Sunday, June 8, 2014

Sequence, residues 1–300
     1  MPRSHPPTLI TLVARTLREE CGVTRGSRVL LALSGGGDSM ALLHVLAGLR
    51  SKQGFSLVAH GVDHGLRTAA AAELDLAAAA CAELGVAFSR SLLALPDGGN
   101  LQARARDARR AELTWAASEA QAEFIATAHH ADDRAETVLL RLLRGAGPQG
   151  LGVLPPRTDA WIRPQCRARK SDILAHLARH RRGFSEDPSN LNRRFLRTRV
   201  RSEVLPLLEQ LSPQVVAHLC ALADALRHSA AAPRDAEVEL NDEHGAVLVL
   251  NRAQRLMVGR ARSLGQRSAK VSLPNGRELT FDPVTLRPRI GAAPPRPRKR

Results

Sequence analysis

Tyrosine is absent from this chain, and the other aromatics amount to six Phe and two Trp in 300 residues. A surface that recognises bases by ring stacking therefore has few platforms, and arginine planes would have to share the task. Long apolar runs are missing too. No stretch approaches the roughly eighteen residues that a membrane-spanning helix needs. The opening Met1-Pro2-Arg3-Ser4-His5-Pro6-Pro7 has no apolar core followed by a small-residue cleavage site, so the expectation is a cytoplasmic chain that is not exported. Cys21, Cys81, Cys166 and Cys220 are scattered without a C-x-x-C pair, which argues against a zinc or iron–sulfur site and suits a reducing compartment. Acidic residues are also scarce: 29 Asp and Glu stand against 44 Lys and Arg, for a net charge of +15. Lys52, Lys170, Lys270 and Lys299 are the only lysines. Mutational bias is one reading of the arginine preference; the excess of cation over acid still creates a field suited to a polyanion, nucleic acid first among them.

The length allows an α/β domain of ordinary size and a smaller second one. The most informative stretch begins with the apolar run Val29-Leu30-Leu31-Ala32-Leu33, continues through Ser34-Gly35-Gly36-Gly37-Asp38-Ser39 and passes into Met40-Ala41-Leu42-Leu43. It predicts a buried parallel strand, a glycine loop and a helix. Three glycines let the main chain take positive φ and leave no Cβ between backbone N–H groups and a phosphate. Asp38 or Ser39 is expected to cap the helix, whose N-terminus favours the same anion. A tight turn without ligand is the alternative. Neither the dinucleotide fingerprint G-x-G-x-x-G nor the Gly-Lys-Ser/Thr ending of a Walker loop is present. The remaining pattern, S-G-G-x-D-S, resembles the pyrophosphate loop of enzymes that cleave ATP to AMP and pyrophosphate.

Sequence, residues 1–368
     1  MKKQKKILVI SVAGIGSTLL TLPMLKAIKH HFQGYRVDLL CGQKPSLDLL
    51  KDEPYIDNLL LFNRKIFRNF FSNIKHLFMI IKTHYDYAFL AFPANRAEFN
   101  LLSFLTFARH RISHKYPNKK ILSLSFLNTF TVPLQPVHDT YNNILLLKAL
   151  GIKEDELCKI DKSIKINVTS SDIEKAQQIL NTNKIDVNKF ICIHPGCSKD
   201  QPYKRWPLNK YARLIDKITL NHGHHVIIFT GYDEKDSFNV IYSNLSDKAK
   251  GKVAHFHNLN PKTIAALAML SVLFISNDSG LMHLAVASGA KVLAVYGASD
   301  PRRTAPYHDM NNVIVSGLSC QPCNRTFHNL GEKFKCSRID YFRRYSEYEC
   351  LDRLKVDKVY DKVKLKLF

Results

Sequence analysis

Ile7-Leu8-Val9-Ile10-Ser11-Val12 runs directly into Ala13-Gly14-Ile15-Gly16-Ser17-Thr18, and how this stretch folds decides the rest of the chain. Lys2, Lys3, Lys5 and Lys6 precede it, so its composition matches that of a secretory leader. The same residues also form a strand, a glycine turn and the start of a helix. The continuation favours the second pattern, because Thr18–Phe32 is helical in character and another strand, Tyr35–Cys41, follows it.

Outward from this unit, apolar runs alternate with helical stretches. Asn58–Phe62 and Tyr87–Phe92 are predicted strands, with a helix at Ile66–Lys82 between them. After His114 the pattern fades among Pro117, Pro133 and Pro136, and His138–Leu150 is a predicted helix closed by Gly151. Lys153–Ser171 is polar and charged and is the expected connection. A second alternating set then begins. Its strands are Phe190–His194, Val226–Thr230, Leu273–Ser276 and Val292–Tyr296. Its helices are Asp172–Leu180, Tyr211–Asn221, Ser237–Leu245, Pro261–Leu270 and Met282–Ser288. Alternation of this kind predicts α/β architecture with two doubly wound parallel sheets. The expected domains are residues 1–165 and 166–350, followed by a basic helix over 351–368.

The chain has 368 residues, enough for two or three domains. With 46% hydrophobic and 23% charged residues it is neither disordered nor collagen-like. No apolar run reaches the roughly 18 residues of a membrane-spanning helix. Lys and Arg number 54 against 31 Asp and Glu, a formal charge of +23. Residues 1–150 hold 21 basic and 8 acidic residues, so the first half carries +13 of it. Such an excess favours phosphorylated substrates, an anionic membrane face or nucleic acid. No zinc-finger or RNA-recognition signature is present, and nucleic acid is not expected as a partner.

Yesterday ,I left the beautiful Kingston Peninsula on a Saturday,something I seldom do , to go to the city. I was attending the Dear Author reception at the Saint John Public Library. A few weeks ago I participated in the judging of Dear Author letters that had been submitted by Grade 9 students in the area. They wrote to an author whose book had impacted their lives. We selected ten winners and yesterday we met to give out the awards and hear the students read their moving letters. Congratulations to the winners! In preparing for my remarks I chose to write to an author that has influenced my life. I read the following letter. Dear Lucy Maud Montgomery, I would imagine that you have received thousands of letters from readers since your book Anne of Green Gables was first published in 1908.Today, I am writing one more and telling you how that book, your writing and your life has influenced me. I will begin with the book. I have probably read Anne of Green Gables at least twenty times ;so many times that as I read it I can predict what is on the next page and could probably recite most of the dialogue. As most readers did, I fell in love with the chatty, imaginative, resilient character of Anne, the generous, loving and insightful Matthew and the practical, cautious and caring Marilla. For me though, I think my passion for the book was deeper than just the love of the characters. For me, one of the things I loved about it the most was the words. I still thrill while reading some of the long beautifully crafted sentences and the wonderfully unfamiliar words. There is such music and rhythm in the words. In my first book The Year Mrs. Montague Cried , Taylor writes in her journal about her experience with the sentences and words she encounters when she starts to read Anne of Green Gables. The Year Mrs. Montague Cried Pg. 47 November 22 For me, the other powerful aspect of the book Anne of Green Gables is its sense of place. From Anne's small bedroom , the farm of Green Gables, the Haunted Wood, the Lake of Shining Water, the school house, Avonlea, and PEI itself ; I saw such beautiful, secure, and predictable places. For a young girl who moved too many times and too often, I found in the pages of this book something I so longed for ; staying put, putting down roots that wouldn't be yanked up, being known in and being connected to a place. The Kingston Peninsula ,where I summered as a child and on which my family finally stayed put when I was in grade seven, became this place for me. It was my Avonlea. I happily chose to raise my four children there and still call the peninsula home. I read about Anne's experiences in a one room schoolhouse , her differences with the stern Mr. Philips that ends with the smashing of her slate over Gilbert Blythe's head after Gilbert makes his teasing "Carrots" remark. I saw Anne love going to school again when a new teacher , Miss Stacy comes to Avonlea. This firmly implanted my desire to become a teacher. I greatly admire you as a writer. Despite a life that provided many challenges and little encouragement, you sat down and wrote. After the writing , you set about to get published and even after rejection and discouragement , persevered to become one of the most well known Canadian and international writers of your time. Anne's love of telling and writing stories throughout the series of Anne books also led me toward wanting to be a writer. In my second book Ten Thousand Truths I included an acknowledgement to you. I am one of the world's hugest Anne of Green Gables fans and hold Lucy Maud Montgomery in high esteem. Rachel is my Anne Shirley and Amelia Walton is my Marilla Cuthbert. I applaud the author's determination and tenacity and feel honored to join her in the ranks od Atlantic Canadian authors. May some young reader care about Rachel Garnham as much as I cared about Lucy Maud Montgomery's famous red haired character. Thank you , Lucy Maud Montgomery for writing your books, and sharing your life with the readers of the early 1900's and the readers of the generations that followed. Thank you for giving a little girl in the 1960's a book to love and dreams to dream.